Abatement rates must be restored for working families
Abatement rates must be restored for working families to thrive
Source: Child Poverty Action Group
A formal agreement between Labour and Greens may spell long sought after improvements to Working for Families (WFF), says Child Poverty Action Group (CPAG).
The agreement document says that an "overhaul" of the welfare system must "ensure access to entitlements, remove excessive sanctions and review Working For Families so that everyone has a standard of living and income that enables them to live in dignity and participate in their communities, and lifts children and their families out of poverty."
This is a significant commitment and CPAG commends the efforts of the parties to improving the lives of all children who are experiencing income poverty.
If many of the changes in Budget 2017 are maintained in principle, then there will be a noticeable improvement for many families on the lowest of incomes. But changes to the WFF abatement rate under Budget 2017 would reflect sharply on the ability of low-income working families to get ahead with their earnings.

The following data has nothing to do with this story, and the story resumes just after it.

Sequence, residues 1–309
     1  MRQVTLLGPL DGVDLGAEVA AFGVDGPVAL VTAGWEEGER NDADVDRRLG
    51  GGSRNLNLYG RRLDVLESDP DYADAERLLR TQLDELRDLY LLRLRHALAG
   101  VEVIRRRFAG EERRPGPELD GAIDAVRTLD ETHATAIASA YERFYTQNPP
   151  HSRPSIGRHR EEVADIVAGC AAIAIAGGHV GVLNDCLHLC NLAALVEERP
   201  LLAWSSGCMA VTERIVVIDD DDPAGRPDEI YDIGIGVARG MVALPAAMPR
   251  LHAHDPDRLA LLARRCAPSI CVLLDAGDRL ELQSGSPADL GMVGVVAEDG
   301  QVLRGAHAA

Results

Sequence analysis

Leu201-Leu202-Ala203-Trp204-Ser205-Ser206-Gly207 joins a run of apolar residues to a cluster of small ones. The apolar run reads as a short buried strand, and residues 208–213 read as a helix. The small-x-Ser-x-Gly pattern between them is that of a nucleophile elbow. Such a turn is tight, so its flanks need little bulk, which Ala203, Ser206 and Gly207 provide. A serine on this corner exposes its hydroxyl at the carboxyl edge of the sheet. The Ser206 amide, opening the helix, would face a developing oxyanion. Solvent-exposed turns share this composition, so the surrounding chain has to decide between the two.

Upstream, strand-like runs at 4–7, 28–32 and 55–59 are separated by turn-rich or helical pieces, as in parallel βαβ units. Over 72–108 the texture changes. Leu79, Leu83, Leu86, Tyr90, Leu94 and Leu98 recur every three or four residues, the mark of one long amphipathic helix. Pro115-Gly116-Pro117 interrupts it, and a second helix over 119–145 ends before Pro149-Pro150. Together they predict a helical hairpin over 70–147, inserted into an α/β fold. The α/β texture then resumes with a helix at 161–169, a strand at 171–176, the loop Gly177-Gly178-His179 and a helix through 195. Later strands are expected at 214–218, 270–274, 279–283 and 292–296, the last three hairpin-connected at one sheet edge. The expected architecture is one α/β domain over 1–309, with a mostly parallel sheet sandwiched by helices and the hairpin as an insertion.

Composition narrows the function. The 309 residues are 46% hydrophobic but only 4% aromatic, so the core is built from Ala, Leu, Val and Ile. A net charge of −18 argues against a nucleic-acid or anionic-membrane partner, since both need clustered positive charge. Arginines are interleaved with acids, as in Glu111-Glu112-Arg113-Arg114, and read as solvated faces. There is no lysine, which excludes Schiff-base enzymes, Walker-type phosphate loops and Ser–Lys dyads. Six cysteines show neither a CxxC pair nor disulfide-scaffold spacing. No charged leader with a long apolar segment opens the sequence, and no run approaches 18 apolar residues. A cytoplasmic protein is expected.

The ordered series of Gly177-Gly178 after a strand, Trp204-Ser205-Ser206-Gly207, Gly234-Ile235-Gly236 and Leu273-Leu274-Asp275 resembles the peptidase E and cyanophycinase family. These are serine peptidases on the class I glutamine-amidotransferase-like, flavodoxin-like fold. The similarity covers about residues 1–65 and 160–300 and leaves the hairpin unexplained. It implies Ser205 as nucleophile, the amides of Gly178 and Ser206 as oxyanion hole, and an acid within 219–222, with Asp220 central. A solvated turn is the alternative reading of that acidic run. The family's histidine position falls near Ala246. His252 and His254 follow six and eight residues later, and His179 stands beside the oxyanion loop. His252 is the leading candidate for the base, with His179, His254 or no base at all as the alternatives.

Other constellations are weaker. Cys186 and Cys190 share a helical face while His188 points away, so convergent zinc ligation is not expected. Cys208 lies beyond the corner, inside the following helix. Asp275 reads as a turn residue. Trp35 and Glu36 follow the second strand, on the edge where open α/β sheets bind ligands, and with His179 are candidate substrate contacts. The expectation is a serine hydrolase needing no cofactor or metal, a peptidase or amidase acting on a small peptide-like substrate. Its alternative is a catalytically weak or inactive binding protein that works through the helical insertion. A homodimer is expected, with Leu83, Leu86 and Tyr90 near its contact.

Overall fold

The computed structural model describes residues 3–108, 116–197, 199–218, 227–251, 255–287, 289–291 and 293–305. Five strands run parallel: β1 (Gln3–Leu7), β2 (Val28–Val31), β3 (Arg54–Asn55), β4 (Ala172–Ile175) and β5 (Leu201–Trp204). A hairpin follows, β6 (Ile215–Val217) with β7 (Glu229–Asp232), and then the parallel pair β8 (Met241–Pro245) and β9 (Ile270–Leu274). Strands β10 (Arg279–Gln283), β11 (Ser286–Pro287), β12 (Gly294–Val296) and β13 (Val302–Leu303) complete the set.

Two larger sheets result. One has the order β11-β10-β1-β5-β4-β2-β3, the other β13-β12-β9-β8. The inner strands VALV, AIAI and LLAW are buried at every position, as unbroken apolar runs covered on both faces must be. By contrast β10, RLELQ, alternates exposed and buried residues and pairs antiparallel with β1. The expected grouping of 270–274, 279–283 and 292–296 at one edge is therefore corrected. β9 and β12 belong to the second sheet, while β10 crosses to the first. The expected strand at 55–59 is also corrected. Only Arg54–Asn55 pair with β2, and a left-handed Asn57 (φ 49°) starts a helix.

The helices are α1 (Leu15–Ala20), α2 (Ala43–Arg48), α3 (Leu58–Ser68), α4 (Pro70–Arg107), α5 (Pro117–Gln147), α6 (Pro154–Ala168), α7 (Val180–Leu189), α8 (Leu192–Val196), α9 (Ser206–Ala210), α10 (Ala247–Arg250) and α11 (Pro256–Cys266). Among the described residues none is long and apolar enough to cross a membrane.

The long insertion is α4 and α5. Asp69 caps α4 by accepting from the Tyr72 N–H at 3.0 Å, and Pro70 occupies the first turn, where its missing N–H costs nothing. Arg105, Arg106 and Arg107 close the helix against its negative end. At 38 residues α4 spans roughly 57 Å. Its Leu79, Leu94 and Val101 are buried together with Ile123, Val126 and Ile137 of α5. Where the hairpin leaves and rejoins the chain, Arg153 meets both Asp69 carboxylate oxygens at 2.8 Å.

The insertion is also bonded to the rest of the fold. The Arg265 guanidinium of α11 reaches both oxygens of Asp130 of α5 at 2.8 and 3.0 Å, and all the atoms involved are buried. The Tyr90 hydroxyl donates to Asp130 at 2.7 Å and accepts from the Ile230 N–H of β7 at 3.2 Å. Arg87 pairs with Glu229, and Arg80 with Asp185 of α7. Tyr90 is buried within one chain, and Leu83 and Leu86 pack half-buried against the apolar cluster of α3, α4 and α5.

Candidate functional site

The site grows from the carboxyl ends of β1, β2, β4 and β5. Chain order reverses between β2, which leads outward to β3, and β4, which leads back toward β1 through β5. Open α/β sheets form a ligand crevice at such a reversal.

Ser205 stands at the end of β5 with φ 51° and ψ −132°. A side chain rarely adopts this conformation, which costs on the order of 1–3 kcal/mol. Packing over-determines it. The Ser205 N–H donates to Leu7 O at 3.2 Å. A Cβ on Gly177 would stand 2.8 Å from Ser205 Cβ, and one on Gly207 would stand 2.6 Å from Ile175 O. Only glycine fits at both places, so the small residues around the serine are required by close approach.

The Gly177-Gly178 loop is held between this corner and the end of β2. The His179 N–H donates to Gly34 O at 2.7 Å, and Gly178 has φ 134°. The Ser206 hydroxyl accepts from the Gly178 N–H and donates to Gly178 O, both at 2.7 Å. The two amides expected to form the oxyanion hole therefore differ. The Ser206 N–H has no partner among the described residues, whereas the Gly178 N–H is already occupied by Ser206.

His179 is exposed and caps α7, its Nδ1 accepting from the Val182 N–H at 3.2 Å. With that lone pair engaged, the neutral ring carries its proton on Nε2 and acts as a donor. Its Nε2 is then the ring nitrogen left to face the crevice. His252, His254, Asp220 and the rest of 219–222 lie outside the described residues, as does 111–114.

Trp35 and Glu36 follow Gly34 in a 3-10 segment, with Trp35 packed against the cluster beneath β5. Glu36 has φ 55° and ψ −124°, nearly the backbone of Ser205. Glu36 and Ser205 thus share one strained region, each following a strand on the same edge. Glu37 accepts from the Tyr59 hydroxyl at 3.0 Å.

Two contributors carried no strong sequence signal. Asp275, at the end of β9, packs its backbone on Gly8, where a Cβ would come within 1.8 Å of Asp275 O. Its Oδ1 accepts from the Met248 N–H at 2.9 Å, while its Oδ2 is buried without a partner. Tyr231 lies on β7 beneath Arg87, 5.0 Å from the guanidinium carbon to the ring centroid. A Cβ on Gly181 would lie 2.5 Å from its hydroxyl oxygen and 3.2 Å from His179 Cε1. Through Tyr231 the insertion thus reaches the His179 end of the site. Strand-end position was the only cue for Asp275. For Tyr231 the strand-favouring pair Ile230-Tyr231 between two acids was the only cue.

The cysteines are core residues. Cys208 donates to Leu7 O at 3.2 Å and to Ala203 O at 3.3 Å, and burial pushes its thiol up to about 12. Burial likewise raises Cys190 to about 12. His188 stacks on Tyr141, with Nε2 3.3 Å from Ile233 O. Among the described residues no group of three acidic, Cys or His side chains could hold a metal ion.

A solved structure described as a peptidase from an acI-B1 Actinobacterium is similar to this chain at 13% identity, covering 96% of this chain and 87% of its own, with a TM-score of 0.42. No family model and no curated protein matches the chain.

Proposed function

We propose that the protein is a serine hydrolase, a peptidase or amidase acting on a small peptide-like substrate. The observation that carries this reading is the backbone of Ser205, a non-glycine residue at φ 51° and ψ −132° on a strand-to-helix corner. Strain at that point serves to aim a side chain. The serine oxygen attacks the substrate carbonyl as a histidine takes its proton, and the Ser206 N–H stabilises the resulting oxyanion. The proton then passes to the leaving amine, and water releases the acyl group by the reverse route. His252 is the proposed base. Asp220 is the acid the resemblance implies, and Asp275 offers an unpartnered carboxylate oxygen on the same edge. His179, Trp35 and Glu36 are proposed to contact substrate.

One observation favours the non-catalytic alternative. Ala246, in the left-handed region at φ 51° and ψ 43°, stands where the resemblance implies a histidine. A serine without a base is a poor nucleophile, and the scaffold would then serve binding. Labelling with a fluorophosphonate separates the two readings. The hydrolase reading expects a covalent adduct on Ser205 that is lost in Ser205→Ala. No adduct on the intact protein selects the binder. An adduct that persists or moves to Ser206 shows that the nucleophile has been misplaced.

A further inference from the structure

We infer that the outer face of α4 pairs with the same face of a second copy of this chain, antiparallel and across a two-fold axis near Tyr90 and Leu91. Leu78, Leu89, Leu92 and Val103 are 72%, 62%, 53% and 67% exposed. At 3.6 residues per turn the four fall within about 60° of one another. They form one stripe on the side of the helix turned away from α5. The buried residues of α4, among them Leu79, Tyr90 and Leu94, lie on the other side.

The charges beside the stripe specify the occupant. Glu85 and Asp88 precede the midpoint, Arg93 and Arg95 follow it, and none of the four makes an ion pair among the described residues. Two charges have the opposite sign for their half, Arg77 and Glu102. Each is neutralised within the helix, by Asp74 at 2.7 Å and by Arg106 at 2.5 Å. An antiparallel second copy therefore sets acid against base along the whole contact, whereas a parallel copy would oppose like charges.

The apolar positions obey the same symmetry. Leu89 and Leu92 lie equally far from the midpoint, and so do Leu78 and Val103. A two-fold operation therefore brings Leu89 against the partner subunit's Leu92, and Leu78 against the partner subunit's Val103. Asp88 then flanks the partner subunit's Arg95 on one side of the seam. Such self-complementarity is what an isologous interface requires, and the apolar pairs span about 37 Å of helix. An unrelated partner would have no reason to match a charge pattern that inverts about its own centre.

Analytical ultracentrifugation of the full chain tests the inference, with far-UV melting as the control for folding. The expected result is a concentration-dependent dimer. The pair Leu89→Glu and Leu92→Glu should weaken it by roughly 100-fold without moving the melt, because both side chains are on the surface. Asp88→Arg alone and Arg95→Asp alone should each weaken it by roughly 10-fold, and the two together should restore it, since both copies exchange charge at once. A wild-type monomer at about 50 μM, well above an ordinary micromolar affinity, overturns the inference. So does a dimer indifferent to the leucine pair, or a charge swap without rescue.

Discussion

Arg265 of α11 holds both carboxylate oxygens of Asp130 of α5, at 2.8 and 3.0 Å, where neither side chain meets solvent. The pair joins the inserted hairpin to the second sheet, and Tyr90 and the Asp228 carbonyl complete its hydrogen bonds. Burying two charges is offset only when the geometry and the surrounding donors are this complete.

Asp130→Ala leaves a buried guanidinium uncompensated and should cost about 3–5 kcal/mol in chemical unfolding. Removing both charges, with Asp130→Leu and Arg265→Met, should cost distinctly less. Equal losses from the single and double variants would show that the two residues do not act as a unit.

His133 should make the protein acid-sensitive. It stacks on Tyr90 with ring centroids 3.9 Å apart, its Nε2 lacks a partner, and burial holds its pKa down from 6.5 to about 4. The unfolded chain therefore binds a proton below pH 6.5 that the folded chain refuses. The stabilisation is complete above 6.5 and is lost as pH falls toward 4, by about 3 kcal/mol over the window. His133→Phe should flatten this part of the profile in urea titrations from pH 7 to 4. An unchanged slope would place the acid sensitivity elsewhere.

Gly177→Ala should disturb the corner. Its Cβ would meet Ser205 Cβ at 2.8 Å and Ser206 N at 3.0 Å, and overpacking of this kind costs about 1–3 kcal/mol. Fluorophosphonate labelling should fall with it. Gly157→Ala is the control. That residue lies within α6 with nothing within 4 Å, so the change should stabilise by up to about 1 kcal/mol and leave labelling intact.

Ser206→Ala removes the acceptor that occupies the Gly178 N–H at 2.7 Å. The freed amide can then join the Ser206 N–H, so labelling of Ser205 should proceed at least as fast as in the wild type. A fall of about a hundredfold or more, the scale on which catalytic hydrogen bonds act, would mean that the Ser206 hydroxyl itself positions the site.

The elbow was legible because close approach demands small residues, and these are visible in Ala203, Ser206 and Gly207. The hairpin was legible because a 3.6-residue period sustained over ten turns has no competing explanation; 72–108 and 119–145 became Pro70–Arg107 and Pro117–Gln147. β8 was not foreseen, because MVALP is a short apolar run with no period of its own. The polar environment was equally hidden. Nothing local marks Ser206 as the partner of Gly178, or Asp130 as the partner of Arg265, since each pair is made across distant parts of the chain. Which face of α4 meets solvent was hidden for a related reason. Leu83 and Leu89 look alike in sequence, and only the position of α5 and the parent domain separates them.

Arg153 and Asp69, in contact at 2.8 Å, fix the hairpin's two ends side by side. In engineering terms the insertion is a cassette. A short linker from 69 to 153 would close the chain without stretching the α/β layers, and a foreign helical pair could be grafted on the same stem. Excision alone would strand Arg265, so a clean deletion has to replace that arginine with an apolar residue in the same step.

Under its Families Package policies, Labour said it would:
Adopt the Budget 2017 changes to the Family Tax Credit base rate for subsequent children and new abatement rate.
While the promise to raise the threshold for maximum WFF eligibility to $42,700 is a much welcome and needed change, the abatement rate for any money received over that amount will increase to 25% in 2018. This reduces the value of each dollar earned over the threshold by reducing Working for Families entitlements by 25 cents for every dollar earned over the threshold. The abatement rate was originally 20%, increased to 22.5% under National in 2012.
CPAG urges the new government to make a firm commitment to the low-income working families, by ensuring that their ability to earn extra is not compromised by higher abatement rates, which sharply reduce the needed child tax credits intended for the wellbeing of their children.